Minnesota representative Ilhan Omar said in a statement yesterday concerning the coup in Burma (Myanmar), “My heart is with the Burmese people, especially the Rohingya population, who have already suffered so much.
“Until 2011, the Burmese people suffered under a five-decade military dictatorship, only to have their hopes for a peaceful democracy dashed. Since 2017, thousands of Rohingya have been forcibly removed from their homes by the Burmese military in what can only be called a genocide. Many fled to neighboring Bangladesh.
“Before this weekend, Bangladesh had expected to begin repatriating some Rohingya back to Burma as part of a bilateral agreement between the two countries. We should commit to helping ease the burden on Bangladesh and other countries in the region by agreeing to resettle more Rohingya refugees here in the United States.
“The military coup only makes the situation more dire for the Rohingya population. Burma must at long last respect the rights of all political minorities and the repatriation of the Rohingya population. The Burmese people have repeatedly made clear that they do not want a military government. All political prisoners detained in the military coup should be released. And the United States must stand unequivocally with those advocating for a Burmese democracy rooted in human rights and equality.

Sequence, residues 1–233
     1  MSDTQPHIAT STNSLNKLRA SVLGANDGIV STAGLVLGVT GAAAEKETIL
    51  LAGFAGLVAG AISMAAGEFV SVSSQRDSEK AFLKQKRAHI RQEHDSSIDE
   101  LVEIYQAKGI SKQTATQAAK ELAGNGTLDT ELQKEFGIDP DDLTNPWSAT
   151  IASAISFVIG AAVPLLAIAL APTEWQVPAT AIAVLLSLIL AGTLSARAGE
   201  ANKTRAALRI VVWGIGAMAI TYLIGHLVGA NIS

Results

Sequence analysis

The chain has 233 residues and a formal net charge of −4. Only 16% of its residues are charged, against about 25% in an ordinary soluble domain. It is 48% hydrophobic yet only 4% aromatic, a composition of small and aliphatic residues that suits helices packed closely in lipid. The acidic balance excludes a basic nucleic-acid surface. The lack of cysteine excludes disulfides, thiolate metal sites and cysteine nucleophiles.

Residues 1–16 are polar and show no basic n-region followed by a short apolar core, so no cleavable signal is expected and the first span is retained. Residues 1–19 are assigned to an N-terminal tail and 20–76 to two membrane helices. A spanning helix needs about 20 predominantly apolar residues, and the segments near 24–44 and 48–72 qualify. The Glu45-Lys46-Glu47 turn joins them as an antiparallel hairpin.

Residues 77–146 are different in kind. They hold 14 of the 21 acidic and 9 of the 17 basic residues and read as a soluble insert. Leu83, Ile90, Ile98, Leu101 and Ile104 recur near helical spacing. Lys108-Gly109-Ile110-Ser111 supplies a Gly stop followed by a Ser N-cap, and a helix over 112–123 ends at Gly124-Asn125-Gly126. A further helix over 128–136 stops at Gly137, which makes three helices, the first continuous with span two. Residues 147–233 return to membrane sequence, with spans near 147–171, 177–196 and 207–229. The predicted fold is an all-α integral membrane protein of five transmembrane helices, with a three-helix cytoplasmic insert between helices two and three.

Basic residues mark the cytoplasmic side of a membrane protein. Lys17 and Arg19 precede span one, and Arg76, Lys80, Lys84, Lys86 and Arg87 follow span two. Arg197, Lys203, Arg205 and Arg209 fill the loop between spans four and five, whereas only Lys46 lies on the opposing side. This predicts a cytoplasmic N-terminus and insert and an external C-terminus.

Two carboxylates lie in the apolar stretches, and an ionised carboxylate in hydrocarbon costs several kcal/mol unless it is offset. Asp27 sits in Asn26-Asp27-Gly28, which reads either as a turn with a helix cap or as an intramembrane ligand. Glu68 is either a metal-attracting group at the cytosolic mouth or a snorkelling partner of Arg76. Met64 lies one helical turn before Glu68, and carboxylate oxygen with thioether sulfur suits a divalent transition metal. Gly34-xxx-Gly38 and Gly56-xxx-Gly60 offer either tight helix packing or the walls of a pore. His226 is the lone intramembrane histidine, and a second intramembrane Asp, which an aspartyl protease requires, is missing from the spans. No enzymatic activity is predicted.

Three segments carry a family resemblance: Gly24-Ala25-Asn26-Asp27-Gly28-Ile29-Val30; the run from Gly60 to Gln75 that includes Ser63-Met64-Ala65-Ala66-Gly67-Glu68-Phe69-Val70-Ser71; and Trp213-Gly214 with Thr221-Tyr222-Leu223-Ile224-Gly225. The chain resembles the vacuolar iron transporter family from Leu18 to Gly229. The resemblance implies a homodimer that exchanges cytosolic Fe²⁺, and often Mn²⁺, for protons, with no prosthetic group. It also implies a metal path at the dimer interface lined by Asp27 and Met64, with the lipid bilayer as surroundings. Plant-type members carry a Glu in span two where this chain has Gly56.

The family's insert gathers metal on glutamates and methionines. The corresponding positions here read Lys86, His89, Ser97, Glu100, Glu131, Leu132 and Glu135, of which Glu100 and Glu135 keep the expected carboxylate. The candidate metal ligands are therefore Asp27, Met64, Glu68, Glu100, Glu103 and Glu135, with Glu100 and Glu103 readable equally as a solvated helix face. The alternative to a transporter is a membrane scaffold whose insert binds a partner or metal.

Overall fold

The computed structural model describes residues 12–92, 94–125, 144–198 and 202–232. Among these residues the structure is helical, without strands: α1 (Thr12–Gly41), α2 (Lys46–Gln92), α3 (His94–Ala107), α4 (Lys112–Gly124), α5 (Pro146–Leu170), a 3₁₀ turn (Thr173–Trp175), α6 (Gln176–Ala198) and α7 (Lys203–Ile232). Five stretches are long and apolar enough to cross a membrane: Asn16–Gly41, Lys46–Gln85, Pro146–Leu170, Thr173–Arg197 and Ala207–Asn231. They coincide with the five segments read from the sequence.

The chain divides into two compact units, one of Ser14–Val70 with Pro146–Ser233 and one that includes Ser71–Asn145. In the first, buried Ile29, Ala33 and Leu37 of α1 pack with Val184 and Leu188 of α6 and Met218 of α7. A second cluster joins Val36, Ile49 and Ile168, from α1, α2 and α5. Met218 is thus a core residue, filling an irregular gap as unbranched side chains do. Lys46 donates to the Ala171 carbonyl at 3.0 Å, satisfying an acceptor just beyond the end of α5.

“Political turmoil hurts the most vulnerable more than anyone. Our top priority must be to support the human rights of religious and political minorities, and all those facing oppression.”
According to Human Rights Watch, The Rohingya have faced decades of discrimination and repression under successive Myanmar governments. Effectively denied citizenship under the 1982 Citizenship Law, they are one of the largest stateless populations in the world.
About 900,000 Rohingya are currently living in overcrowded camps in Bangladesh, most of whom fled Myanmar since August 2017 to escape the military’s crimes against humanity and possible genocide.
The estimated 600,000 Rohingya who remain in Rakhine State are subject to government persecution and violence, confined to camps and villages without freedom of movement, and cut off from access to adequate food, health care, education, and livelihoods.